The truth of it, which may be obscured by shrill rants about 'arbitrary GMs!' and 'thousand-page rule books!' is that roleplaying games typically involve both rules and rulings, and the more interesting questions are, who gets to make rulings? and, what should the rules cover and what should be left to rulings? With respect to the first, most traditional roleplaying games answer the question of WHO DECIDES? by assigning that role to a referee, though other games may spread that role among the players to one degree or another. For now I'm going to assume the former, but when I write 'referee,' understand that I know there are other ways of doing this.
How often, and in what circumstances, the referee is called upon to make a ruling may be largely determined by the answer to the second question: what do the rules attempt to address specifically, and what is left to the discretion of the referee to adjudicate as the need arises?
One of the arguments which resonates with me for hard-coding many of these potential cruxes into the rules is that players can make informed decisions around what their characters are likely, or unlikely, to be able to do. Traditional task-resolution rules may offer a replicable, dependable game-world simulation - if I roll x, I get result y, meaning I can jump so far or hide in shadows this easily or whatever.
But the range of potential character choices is as broad as the imaginations of the players at the table. In the linked big Purple thread, one of the posters talked about knowing the DC of jumping a horse onto a boat without capsizing the craft. Is it reasonable to expect the designers of a roleplaying game to anticipate that choice with a written rule, or for a referee to remember it on the fly during actual play? In my experience, corner cases like this are exactly why rulings are necessary and desirable, because actual play often becomes one corner case after another.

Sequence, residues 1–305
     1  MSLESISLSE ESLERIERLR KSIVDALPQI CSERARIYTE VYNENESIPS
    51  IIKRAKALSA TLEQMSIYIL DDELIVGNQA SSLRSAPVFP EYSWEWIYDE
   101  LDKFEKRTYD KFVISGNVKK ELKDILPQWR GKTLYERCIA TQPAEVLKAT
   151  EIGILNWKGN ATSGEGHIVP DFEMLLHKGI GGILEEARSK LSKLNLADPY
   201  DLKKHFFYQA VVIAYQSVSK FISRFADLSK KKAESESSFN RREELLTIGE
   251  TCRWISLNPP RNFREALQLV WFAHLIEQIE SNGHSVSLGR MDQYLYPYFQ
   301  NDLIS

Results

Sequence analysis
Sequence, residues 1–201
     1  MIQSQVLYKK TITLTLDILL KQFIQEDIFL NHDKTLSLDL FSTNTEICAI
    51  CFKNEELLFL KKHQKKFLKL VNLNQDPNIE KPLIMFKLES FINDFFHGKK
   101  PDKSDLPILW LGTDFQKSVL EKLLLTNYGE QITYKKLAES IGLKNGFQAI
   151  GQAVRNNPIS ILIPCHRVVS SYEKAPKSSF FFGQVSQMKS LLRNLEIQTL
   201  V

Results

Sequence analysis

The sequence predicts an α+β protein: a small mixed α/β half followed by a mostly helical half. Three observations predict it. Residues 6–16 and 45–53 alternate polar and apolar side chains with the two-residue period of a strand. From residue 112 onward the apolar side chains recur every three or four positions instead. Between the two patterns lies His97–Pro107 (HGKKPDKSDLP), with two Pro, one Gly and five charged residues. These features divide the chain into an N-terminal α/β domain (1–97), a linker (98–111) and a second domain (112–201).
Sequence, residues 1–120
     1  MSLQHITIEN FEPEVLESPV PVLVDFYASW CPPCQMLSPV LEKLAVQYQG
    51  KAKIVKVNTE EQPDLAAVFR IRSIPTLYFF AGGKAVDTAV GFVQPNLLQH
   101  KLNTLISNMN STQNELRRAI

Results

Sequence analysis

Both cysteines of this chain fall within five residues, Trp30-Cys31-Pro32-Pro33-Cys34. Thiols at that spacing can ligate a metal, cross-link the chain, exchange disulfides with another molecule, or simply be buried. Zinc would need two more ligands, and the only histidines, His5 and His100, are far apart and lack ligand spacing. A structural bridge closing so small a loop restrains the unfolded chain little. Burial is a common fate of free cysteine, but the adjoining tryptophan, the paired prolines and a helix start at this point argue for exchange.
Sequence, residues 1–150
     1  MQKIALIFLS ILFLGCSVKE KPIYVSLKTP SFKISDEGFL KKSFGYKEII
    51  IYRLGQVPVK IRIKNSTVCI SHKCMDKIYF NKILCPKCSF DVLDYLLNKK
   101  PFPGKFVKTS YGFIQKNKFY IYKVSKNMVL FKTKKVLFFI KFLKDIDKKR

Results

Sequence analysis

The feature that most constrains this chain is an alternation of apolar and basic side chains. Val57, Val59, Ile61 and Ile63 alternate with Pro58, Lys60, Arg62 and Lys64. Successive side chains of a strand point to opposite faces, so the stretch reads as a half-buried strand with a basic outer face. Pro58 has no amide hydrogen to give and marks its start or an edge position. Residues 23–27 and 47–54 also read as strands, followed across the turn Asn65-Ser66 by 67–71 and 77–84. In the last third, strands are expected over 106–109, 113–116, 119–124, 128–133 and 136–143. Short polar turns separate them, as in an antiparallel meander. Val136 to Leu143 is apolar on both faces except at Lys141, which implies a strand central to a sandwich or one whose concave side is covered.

The best rules, then, may be those which provide guidelines for everyone around the table, rather than, say, a rule like, "Jumping a horse onto a boat without capsizing is DC 30 for a raft, DC 40 for a dinghy, DC 25 for a barge,' &c. Of course, the nature of the guidelines becomes the next point of fracture between gamers.
I don't say much about 4e D&D because I've never played it or read it; in fact the only pieces of it I've seen first hand are the table on page 42 titled, "Difficulty Class and Damage by Level," and the section on skill challenges. As luck would have it, those are two of the sections cited in another Big Purple thread which spun off the first, as examples of how 4e makes adjudication easy, particularly for inexperienced gamers. My own feeling is that page 42 may constrain as much as it inspires and the repetitive margins for success can lead to 'flat' encounters, and that skill challenges are just a hot mess, but I can definitely understand the appeal they hold for others - replicable, reliable math is nothing to sneeze at, particularly in games with lots of fiddly bits.
Flashing Blades takes a different approach. Here's the section on how skills are handled.